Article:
Thursday, November 17, 2016

A line connects two dots, right?

A couple in Anchorage – Meg and Zach – gave an incredible gift to the community. They bought the house across the street from theirs and turned it into Anchorage Community House. There are classes there, an art room, a tool check-out library – it’s a great idea.

My brain needed a rest from political ads, conversations, and coverage; so a couple of weeks ago, I took a class to make a plant stand. Not only would I learn how to make a plant stand, but I’d actually end up with one. It could lift the schefflera off the new carpet and be USEFUL.
Zach had the wood and tools, and my job was to cut the pieces and screw them together. We measured and marked the wood with pencil. Then I used the circular saw to cut along the lines. I learned the word kerf, which is the cut the saw makes.

The thing is, it’s hard to keep the saw exactly on target. Even harder when you have Third Third eyes and you’re not exactly sure – once you have the safety goggles on – where the line is anymore. The cut – the kerf – has its own dimension. So every now and then, Zach would say something like, “You’re missing it” when I guessed I was in the right spot. Zach compared all the post lengths and worried they weren’t exactly even. And I would tell him not to worry, that the plant stand was going to stand on carpet after all.
A couple days later, I read the book A Tenth of a Second about how measurement had to develop if science was going to develop. The author, Jimena Canales, starts with astronomy and how different astronomers got different measurements for when a star was in position in the sky. This caused lots of problems for mapmaking, even for determining the exact length of the meter (which is based on the earth’s circumference). It all comes down – among other things – to reaction time, how long it takes a person to see, process, and note a star’s transit across the sky. It was a huge international mess in the 1800s.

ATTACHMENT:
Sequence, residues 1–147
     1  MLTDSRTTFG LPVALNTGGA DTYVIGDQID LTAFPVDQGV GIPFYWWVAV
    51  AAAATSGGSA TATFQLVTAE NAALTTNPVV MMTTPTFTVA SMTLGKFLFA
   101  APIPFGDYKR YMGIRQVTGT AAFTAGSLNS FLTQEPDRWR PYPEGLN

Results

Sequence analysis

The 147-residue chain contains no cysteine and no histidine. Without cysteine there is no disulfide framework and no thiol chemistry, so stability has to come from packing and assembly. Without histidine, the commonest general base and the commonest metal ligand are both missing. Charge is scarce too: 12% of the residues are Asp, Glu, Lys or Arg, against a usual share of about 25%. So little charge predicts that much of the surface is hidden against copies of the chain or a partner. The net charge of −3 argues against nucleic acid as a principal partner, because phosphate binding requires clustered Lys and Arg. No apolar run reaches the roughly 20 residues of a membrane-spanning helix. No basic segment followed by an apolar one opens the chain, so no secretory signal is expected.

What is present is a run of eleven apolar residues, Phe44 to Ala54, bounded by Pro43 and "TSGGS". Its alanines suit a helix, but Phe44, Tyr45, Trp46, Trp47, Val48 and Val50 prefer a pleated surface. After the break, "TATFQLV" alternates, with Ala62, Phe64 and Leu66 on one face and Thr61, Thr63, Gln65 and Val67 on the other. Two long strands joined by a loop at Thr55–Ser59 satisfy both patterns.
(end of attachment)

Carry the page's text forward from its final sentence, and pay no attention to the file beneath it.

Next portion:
In 1835, an astronomer named Francis Baily showed that even normal, everyday measurements fell victim to the problem. Some people measured from the middle of a line, some from the top edge, some from the bottom. Even if you just have to connect two dots, it matters whether you’re starting from the inside edge of the dot or the outside edge, from the middle or the side.
The dictionary calls it the “personal equation,” and it affects just about everything humans try to measure.

Why am I telling you all this? Because there I was trying to escape all the election coverage: this opinion piece, that editorial; this article from one newspaper, that article from another; NPR vs Fox News; one pollster vs another … a million different viewpoints. And there’s no way Zach and I could have agreed on where a pencil line “began.”

It puts a lot of things in perspective when you realize there’s inherent bias in even using a ruler.

But even with all that, my plant stand still holds my plant up just fine.

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